The Spaniard brought in a contingent of players he previously had experience with at Wigan. These included the likes of defender Antolin Alcaraz, midfielder James McCarthy, goalkeeper Joel Robles and striker Arouna Kone. Martinez also brought in Irish winger Aiden McGeady to further strengthen his attacking options.
What’s most fascinating about Everton’s success is that they have brought in key contributors on loan. Gareth Barry, Gerard Deulofeu and Romelu Lukaku all joined up on a temporary basis. All three have been superb in their roles, with Barry providing a steady presence in the midfield, Deulofeu playing the role of spark-plug and Lukaku scoring a bevy of goals.
There was quite a bit of change at AS Roma last offseason. Out went established first-teamers like Marquinhos, Bojan, Erik Lamela, Dani Osvaldo, Erik Lamela, Maarten Stekelenburg and (in the winter) Michael Bradley.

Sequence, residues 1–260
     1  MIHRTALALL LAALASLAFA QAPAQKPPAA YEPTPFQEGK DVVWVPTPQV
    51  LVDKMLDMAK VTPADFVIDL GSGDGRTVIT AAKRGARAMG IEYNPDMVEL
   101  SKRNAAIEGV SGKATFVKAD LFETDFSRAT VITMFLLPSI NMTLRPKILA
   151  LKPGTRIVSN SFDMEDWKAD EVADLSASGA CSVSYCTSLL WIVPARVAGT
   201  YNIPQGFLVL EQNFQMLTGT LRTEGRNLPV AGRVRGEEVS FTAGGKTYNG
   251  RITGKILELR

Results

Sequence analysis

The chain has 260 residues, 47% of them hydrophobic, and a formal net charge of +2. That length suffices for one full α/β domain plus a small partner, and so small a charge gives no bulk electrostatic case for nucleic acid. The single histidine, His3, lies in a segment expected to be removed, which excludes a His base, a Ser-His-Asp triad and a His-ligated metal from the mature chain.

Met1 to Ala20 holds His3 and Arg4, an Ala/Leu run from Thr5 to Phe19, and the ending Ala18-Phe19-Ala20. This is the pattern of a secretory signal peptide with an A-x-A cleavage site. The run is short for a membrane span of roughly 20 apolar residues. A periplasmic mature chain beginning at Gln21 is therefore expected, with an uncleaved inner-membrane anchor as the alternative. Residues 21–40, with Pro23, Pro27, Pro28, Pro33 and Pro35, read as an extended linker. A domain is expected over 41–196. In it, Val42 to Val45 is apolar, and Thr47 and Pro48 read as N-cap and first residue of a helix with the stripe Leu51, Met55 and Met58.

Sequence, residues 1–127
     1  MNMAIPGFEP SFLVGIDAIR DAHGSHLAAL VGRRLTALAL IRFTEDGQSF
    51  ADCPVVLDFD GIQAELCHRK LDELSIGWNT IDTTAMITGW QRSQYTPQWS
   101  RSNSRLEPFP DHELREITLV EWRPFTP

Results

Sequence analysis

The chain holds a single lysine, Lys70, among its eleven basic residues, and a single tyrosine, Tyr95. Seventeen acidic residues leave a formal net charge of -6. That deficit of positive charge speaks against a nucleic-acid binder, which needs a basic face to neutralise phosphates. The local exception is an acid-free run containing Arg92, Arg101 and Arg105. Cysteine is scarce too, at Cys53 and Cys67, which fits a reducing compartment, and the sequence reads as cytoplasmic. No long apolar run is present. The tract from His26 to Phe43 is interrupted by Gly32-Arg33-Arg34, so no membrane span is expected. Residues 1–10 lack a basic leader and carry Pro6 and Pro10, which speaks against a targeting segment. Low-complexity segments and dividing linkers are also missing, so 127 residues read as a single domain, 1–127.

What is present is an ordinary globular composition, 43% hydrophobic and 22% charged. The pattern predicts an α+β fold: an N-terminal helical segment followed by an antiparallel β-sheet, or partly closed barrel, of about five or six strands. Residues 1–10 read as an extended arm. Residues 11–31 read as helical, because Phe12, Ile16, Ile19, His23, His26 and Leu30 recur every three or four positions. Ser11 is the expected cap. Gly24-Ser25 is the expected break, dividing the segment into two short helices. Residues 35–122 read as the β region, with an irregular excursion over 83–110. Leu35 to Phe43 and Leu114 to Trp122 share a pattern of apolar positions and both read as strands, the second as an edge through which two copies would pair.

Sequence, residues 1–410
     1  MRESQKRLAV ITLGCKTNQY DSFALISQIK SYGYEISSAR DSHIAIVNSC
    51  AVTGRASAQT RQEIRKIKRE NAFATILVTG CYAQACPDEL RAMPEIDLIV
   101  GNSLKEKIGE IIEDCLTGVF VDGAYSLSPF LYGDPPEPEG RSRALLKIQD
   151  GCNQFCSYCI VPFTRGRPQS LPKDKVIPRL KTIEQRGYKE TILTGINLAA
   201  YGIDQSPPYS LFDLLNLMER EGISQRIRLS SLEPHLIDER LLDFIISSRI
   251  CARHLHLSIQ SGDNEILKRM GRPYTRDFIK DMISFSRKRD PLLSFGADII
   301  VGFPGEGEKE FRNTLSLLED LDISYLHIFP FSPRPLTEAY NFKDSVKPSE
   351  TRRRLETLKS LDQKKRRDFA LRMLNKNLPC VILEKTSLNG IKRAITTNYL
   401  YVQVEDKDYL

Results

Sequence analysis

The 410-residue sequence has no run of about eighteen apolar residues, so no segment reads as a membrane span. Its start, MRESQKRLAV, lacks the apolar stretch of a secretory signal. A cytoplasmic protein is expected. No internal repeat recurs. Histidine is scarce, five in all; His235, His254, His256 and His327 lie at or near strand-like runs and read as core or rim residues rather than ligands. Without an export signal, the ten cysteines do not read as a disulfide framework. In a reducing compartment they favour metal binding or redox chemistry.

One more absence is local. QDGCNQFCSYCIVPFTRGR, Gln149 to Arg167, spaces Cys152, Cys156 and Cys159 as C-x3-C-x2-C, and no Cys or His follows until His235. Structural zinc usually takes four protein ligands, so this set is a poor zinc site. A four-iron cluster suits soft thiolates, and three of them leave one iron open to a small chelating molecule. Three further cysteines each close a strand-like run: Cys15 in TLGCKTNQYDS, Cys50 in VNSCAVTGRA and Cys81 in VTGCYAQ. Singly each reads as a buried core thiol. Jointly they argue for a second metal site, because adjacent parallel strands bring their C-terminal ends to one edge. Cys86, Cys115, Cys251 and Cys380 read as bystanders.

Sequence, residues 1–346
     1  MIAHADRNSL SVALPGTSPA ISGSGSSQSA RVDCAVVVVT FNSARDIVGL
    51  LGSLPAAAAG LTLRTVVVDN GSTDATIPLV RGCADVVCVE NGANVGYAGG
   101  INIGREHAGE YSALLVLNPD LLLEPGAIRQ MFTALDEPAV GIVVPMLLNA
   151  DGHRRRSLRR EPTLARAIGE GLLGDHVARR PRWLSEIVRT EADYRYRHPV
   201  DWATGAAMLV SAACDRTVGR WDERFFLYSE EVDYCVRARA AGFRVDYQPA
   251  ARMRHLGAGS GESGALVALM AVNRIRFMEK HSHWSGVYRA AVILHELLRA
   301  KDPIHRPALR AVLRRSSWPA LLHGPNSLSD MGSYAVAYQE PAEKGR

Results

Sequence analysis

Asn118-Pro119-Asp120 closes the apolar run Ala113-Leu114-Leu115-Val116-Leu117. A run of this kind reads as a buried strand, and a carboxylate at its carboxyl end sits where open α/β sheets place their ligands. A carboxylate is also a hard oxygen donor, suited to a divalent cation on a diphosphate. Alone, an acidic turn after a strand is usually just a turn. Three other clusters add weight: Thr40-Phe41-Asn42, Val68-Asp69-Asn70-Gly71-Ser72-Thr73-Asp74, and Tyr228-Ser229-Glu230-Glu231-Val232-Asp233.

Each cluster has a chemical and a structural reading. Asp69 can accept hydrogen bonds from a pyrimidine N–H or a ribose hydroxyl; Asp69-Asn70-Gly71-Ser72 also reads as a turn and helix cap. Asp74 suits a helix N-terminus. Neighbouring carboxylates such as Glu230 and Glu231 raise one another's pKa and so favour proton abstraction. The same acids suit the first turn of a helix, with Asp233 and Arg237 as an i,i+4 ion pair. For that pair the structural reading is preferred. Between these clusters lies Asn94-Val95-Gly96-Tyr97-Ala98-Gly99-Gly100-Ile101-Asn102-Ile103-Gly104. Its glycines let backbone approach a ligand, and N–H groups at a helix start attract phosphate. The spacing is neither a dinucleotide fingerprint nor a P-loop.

Ironically, Lamela’s former team Roma has perfectly executed a team overhaul, while his current club, Tottenham, has failed miserably at the task.
Roma and new coach Rudi Garcia went for a veteran approach to building their team. In came former Inter defender Maicon, as well as Mehdi Benatia to reinforce a defense that was weakened after the departure of PSG-bound Marquinhos. Other new additions included highly-rated/sought after midfield general Kevin Strootman, ex-Arsenal forward Gervinho, former Fiorentina attacker Adem Ljajic and Italian keeper Morgan De Sanctis.
The Roman club further strengthened their squad when they added Belgian midfielder Radja Nainggolan and Brazilian wide player Michel Bastos, on shrewd loan deals in the winter window.
Yet another Italian team that did well during the recent transfer windows, Napoli invested a significant amount of money in their squad with funds partly received from the sale of star striker Edinson Cavani to PSG.